After the disaster, the Ostby family sought compensation from the White Star Line (owner of the Titanic) for their loss. Harold Ostby (Englehart’s son) claimed 840,000 N. Kr. (Norwegian Kroner) for loss of life while Helen claimed 5,376 N. Kr. for loss of property and another 33,600 N. Kr. for loss of property and damage.
One might think this is where the story ends, but in 1985 oceanographer Bob Ballard lead an expedition that finally discovered the wreck of the Titanic at the bottom of the North Atlantic ocean at a depth of 13,000 feet below the surface. Since then, there have been numerous expeditions to the wreckage site and even some salvage operations. One such salvage operation occurred in 1987 when a “breathtaking” collection of jewelry was found in a “Doctor’s style valise” recovered from the ocean floor near the stern wreckage of the Titanic. Upon hearing this description, Nancy Clark, the great granddaughter of Englehart C. Ostby wrote a letter to the Titanic Historical Society in which she suggested the “Doctor’s style valise” could be the Doctor’s bag that her great grandfather always took on buying trips to Europe. The Historical Society put her in touch with the salvage company. She provided the salvage company with extensive documentation concerning her great grandfather, his buying trips, and the Doctor’s bag with which he traveled. When asked by the Washington Post if she intended to file a claim of ownership she responded “I don’t want people to think we have a lot of money, because we don’t. I’m just interested in things historical.” This was a relief to many, since it was unclear how ownership would be established. The leader of the salvage operation offered to return items to their rightful heirs. The expedition’s general counsel said that maritime law allows owners of salvaged property to have it returned to them if they pay the prorated costs of the recovery operation. And lastly, there are those who say the White Star Line’s insurance company owns all salvaged property because it paid the loss claims in 1912. However, this legal entanglement was avoided because further inspection of the bag revealed it to contain jewelry (rings, pendant, cufflinks, etc.) not loose gemstones. It also contained well preserved paper money and other items that revealed the bag to be a Purser’s Gladstone bag and not Englehart Ostby’s Doctor’s bag. It seems the items inside were entrusted by individual passengers to the Purser for safe keeping and instead of leaving the bag in the ship’s safe, this Purser took care of the bag himself. Unfortunately, most details about this bag will never be known because all the ships’ Pursers perished in the sinking of the Titanic. But this also means that Ostby’s Doctor’s bag filled with his gemstone purchases still resides somewhere in the wreckage of the R.M.S. Titanic at the bottom of the Atlantic ocean. So stay tuned…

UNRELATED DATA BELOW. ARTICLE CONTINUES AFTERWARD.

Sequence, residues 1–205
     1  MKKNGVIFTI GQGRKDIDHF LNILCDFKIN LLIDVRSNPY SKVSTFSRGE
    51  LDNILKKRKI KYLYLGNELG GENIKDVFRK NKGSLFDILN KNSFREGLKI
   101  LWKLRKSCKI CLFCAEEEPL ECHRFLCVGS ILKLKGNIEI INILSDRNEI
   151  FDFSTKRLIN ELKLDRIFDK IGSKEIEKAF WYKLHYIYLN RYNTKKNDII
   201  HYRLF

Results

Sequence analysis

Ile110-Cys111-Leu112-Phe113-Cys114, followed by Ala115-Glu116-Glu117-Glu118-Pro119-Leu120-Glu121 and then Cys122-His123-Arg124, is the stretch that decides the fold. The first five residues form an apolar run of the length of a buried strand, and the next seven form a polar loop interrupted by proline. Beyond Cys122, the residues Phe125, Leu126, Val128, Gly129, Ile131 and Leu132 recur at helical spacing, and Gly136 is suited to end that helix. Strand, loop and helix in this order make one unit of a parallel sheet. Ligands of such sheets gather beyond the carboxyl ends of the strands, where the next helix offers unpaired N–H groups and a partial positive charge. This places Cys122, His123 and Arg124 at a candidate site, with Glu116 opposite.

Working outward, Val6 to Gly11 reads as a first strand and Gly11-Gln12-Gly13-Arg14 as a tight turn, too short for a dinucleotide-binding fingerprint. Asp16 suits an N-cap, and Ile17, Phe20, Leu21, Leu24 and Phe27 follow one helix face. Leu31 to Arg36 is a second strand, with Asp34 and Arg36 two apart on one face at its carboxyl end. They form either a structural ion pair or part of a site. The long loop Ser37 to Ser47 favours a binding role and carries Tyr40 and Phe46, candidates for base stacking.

Englehart Ostby was one of 5 jewelers who perished in the sinking of the Titanic. His daughter Helen survived and went home to Providence Rhode Island to run the family business with her brother Harold and Harold’s daughter. Ostby & Barton continued to manufacture quality jewelry well into the 1950’s.
Sometimes referred to as “Titanic Jewels”, Ostby & Barton jewelry is highly sought after by collectors due to its rich history and quality craftsmanship. Howard’s Diamond Center is proud to offer a collection of these historic jewelry pieces in our Antique and Estate Jewelry Department.